The Manus Island detention centre will undergo a security beef-up with new fences and security cameras after February’s deadly violence.
Reza Barati was beaten so brutally during a riot at an Australian-run immigration detention centre in Papua New Guinea that no amount of First-World medical care could have saved him.
The treating doctor who watched the 23-year-old Iranian asylum seeker die believed there was no saving Mr Barati who went into cardiac arrest after his skull was shattered causing catastrophic brain injury.
“In the treating doctor’s opinion, Mr Barati would not have survived this injury even if it had occurred in, say, Sydney and he received the best available medical care in that city,” the report of an independent review into February’s violence at Manus Island said.
The report said a local PNG man employed at the centre by the Salvation Army led the “brutal beating”.
The Salvation Army said it condemns any criminal behaviour and any illegal action which may have taken place, occurred without its knowledge.
Immigration Minister Scott Morrison has accepted the review’s 13 recommendations, including a beef-up of security, granting guards powers to search asylum seekers and allowing them to use appropriate force.
The detention centre will get new fencing, extra lighting and security cameras.
Mr Morrison described Mr Barati’s death as a tragic event, admitting he could not guarantee the safety of asylum seekers despite it being his aspiration.
The review said it was impossible to apportion blame directly to one or more of the parties involved in the riot.
Nor could it nominate one factor which, if handled differently, may have resulted in fewer injuries and less damage.
Labor criticised Mr Morrison for ignoring repeated warnings about rising tensions and inadequate fencing and security at the centre.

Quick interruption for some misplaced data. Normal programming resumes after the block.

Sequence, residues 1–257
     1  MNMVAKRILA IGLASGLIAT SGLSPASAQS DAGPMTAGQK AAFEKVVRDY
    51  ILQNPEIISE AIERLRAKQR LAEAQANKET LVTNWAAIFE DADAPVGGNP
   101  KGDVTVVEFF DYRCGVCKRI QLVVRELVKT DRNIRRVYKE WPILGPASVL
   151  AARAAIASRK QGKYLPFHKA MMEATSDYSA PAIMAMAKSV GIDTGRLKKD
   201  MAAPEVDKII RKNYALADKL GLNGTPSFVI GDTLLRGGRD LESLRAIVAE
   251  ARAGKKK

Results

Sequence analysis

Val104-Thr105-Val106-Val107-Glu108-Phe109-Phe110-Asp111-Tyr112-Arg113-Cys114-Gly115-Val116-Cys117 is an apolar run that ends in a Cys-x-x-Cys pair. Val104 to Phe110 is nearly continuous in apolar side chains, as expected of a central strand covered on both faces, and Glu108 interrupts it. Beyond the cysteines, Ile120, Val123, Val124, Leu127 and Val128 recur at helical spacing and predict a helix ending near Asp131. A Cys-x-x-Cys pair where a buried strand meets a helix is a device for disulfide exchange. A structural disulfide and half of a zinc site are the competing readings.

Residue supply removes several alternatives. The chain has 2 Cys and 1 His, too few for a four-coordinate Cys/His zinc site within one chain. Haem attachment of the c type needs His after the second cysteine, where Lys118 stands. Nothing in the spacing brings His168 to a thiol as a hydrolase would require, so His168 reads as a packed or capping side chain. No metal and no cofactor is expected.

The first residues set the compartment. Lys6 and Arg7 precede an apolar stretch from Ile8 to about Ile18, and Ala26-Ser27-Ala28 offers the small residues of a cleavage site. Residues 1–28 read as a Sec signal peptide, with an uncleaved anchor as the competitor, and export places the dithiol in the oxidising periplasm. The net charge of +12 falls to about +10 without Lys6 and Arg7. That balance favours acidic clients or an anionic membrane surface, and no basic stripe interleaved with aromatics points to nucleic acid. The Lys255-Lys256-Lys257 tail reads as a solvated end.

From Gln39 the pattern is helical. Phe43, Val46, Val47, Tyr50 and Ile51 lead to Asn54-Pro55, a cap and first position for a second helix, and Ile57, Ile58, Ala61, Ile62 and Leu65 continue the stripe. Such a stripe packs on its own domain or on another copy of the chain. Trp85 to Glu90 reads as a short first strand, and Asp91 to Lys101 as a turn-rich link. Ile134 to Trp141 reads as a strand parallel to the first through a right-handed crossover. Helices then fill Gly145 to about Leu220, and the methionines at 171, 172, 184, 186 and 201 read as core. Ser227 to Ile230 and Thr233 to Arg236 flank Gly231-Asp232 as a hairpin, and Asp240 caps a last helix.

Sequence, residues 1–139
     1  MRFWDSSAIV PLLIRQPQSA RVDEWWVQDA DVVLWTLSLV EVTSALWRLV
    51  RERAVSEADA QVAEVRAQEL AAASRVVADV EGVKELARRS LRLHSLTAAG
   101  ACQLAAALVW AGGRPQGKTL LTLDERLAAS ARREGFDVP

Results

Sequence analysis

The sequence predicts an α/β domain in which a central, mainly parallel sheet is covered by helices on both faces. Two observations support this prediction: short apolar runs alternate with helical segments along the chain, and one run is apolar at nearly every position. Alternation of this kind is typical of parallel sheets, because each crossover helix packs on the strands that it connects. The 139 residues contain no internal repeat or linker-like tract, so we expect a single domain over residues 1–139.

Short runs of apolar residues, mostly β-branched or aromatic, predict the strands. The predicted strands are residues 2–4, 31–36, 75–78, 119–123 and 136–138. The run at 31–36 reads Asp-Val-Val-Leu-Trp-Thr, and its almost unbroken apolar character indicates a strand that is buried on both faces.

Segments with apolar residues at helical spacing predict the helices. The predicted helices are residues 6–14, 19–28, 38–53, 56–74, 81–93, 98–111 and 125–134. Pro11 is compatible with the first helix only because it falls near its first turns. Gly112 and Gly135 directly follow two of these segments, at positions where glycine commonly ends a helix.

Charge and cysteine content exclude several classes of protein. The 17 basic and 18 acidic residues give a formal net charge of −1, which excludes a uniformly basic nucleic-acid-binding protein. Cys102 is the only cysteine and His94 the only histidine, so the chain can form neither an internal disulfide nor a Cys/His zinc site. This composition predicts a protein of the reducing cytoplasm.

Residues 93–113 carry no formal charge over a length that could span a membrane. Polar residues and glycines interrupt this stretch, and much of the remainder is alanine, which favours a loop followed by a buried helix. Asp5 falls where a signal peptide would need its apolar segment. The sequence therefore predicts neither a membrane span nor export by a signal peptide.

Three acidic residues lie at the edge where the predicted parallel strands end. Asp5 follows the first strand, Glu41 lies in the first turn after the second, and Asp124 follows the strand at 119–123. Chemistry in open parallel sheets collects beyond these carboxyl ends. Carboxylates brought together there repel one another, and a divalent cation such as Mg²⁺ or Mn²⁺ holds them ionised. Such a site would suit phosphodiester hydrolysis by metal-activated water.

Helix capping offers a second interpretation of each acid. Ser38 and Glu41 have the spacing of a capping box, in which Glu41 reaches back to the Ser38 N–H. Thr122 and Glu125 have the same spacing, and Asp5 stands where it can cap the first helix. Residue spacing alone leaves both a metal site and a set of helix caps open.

But Mr Morrison insisted an extra 130 guards had been sent to the detention centre in the weeks leading up to the unrest on February 16-18.
However, this is contradicted by correspondence G4S released to a Senate inquiry which shows immigration department officials denied requests for an extra 100 guards.
The Greens have called for the minister’s resignation, saying he was trying to blame others for the incident.
But the minister reminded the Greens during question time about the hundreds of asylum seekers who died under the Labor policies they preferred.
PNG police are yet to lay any criminal charges over Mr Barati’s death or the beatings of scores of asylum seekers.
The review recommends the new service provider Transfield, which took over from G4S and the Salvation Army in March, weed out any PNG staff who were involved in the violence.
The report was unclear about whether the PNG police mobile squad, which has a reputation for excessive use of force, had been given consent to enter the centre.
An extra nine medical personnel have been deployed since the violence to deal with increased cases of post-traumatic stress disorder among asylum seekers.
Refugee groups are concerned asylum seekers’ lives will be put at more risk if an un-redacted version of the report, with the names of witnesses included, is given to PNG authorities.
Amnesty International accused the Australian and PNG governments of failing to take responsibility for the death of Mr Barati.